I was first introduce to the kettlebell a few years ago and at first I thought it was kind of lame. I didn’t think I would benefit much from them and I just felt goofy doing the movements. After a couple weeks of implementing them I began to feel a difference. I had more stability in my core as well as my glutes and hips. I had better flexibility and mobility in my shoulders, hips and ankles. I began to use them at home and realize the kettlebell is the perfect piece of equipment for an at home gym. It takes up minimal space and if done properly can produce some amazing results.
I do think it is worth noting that most of the videos or social media posts I have seen are not done with proper form. Like any form of exercise, if performed with bad form you are bound to get hurt. So please if you are going to start using kettlebells in your routine than take the time to learn proper form first.
Exercsie 1: The Swing
I have played around with the overhead swing, which the CrossFit world calls the “American Swing”. I am not going to bad mouth this style or anything but I prefer the Russian-style kettlebell swing where you project the kettlebell to shoulder height only. This is a very effective exercise when executed with proper form. Hip power, hip hinging, and breathing techniques make it incredibly powerful. This exercise has many benefits that combine strength, power, endurance, and work capacity.
The swing provides the powerhouse that will propel all of the other dynamic kettlebell movements. The full-body power that is required during the swing results in extreme fat loss and high levels of conditioning.
The swing is not as easy as it looks. It requires a precise ballistic movement that you must take time to learn. You must learn the swing before you move onto the snatch and the clean. Not doing the swing correctly can get you hurt but it is not the kettlebell’s fault, it is the person or the trainer’s fault. If done correctly, you should never get hurt.
The Take Home: The kettlebell swing is one of the best bang for the buck exercises out there. It is the foundation of kettlebell training. Taking the time to learn how to do it correctly will pay off immensely.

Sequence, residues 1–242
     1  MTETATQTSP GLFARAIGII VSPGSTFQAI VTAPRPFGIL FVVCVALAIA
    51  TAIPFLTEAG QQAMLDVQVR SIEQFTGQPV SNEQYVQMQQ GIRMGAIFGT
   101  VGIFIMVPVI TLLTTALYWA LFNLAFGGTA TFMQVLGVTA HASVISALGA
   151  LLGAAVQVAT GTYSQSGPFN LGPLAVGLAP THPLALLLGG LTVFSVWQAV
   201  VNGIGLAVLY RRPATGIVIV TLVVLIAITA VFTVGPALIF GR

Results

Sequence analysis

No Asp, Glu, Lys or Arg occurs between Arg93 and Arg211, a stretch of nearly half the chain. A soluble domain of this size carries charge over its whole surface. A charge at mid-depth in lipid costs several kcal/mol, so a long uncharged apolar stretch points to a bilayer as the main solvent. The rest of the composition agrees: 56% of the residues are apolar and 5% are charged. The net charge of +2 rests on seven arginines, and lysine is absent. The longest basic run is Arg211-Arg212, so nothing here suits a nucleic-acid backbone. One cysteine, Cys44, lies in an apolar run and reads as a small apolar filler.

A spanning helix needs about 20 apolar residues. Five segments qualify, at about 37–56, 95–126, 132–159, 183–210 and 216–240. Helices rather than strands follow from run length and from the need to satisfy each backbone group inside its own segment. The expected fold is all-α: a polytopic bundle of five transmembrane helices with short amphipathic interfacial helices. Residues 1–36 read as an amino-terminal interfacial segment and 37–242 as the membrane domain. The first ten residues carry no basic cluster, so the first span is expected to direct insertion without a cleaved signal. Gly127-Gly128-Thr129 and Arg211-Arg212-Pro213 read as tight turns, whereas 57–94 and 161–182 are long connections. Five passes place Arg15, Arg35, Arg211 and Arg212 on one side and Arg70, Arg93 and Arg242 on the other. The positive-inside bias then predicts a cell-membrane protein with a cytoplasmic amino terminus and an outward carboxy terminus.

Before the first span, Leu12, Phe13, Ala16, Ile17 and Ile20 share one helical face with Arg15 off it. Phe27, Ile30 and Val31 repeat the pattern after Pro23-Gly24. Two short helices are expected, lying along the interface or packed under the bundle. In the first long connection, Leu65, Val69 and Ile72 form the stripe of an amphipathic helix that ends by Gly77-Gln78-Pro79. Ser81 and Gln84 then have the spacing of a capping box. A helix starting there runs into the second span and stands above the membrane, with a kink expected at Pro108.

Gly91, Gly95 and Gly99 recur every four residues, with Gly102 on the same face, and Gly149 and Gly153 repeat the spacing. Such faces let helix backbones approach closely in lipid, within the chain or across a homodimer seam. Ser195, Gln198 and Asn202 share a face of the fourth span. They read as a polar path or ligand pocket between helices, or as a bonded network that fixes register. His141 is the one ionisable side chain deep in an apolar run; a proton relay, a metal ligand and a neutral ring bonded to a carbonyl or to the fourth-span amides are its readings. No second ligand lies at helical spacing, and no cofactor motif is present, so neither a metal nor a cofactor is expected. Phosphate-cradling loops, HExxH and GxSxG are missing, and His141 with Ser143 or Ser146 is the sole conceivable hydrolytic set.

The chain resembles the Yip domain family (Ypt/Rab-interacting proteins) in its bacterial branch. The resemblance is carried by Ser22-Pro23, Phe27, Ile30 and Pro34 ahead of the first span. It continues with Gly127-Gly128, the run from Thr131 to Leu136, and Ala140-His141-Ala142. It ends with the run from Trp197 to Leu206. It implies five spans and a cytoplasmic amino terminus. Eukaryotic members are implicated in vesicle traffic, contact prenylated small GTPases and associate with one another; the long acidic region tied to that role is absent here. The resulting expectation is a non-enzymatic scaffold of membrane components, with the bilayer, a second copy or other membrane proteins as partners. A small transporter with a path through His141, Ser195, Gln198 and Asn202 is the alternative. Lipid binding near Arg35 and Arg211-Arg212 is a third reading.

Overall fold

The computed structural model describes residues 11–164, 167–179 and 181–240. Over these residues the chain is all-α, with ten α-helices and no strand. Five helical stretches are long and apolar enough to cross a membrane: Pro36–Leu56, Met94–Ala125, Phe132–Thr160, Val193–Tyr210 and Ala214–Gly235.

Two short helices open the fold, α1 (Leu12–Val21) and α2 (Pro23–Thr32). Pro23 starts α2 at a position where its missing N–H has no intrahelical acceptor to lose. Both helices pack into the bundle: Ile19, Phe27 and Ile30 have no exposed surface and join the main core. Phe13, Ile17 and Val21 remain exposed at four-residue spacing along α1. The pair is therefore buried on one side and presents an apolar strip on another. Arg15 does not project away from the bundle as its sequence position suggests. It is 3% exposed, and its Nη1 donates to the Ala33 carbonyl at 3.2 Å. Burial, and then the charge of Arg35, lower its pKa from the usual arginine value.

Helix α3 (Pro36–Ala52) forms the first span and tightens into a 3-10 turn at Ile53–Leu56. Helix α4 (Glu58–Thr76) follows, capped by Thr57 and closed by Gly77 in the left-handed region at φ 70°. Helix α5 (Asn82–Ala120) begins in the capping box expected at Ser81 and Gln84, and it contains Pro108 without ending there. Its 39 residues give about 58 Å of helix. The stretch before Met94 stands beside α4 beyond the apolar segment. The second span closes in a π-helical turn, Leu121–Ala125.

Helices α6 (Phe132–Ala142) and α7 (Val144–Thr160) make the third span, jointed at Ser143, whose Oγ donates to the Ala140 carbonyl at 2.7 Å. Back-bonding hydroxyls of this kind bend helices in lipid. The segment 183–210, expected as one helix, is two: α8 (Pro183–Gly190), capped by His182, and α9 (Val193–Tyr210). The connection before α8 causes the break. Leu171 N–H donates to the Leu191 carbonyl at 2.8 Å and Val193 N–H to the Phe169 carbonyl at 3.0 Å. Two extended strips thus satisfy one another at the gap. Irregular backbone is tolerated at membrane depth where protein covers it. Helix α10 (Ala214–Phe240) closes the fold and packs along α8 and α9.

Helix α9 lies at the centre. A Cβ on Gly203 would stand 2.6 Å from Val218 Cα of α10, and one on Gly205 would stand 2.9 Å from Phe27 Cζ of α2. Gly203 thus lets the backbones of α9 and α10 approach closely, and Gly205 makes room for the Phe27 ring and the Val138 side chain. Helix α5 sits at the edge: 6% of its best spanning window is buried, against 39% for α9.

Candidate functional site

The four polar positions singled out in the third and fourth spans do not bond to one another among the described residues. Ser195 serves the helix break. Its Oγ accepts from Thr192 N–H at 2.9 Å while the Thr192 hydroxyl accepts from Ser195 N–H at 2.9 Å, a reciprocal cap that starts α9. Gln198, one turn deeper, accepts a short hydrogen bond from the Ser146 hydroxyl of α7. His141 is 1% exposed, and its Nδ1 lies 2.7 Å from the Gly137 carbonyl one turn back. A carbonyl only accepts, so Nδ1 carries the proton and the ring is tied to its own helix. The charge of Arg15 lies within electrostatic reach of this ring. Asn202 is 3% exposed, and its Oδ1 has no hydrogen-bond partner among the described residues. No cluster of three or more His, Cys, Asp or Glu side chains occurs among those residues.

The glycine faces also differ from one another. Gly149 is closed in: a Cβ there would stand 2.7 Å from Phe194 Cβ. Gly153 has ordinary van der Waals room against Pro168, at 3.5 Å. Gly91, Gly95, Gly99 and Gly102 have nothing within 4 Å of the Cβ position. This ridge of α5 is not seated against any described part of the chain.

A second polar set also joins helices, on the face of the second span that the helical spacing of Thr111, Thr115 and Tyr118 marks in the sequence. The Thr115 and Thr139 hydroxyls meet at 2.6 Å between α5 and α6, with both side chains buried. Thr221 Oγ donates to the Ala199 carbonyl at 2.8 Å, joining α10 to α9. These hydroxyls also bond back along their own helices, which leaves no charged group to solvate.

Exercise 2: The Goblet Squat
Unless you are new to exercise, I am sure you have heard of the goblet squat. The legendary coach, Dan John, should be credited with its popularity. The squat is one of the most fundamental movement patterns that we all need to improve and master.
Many people think that squats are only to build the legs and with a bar on your back but they are so much more. The goblet squat is the perfect tool to teach the squat pattern, improve hip mobility, build strength and muscle in the lower-body with heavier loads and improve conditioning with lower loads.
While the barbell squat may be king to build mass and strength, the goblet squat makes a nice addition to anyone’s program. The goblet squat can be used to improve the efficiency for any of the kettlebell exercises that you utilize.
Exercise 3: The Turkish Get-up
Unless you have been under a rock for the past few years, you probably have heard of the Turkish Get-up. Some physique and strength athletes shun them off since they don’t feel that they build muscle and strength. I’ve got news for you… they do! The get-up is best described as kalos sthenos, which is Greek for “beautiful strength”.
They may not be a traditional strength and muscle builder but there is more to an exercise than just building muscle and strength. An exercise like the Turkish get-up can be the perfect addition to your program to keep your core strong, shoulders safe and increase your proprioception.
This highly dynamic movement has a huge carryover to lifting heavy things. It does this with it’s series of movements where you go from lying down to standing up with a kettlebell or dumbbell without breaking form and keeping the bell from falling.
Here’s a short list of everything that we can get from a single get up:
-Single leg hip stability during the initial roll to press and during the bridge.
-Both closed and open chain shoulder stability.
-Thoracic extension and rotation.
-Hip and leg mobility and active flexibility.
-Stability in two different leg patterns – lunge stance as well as squat stance.
-Both rotary and linear stability.
-The ability to link movement created in our extremities to the rest of our body.
source: the athletic build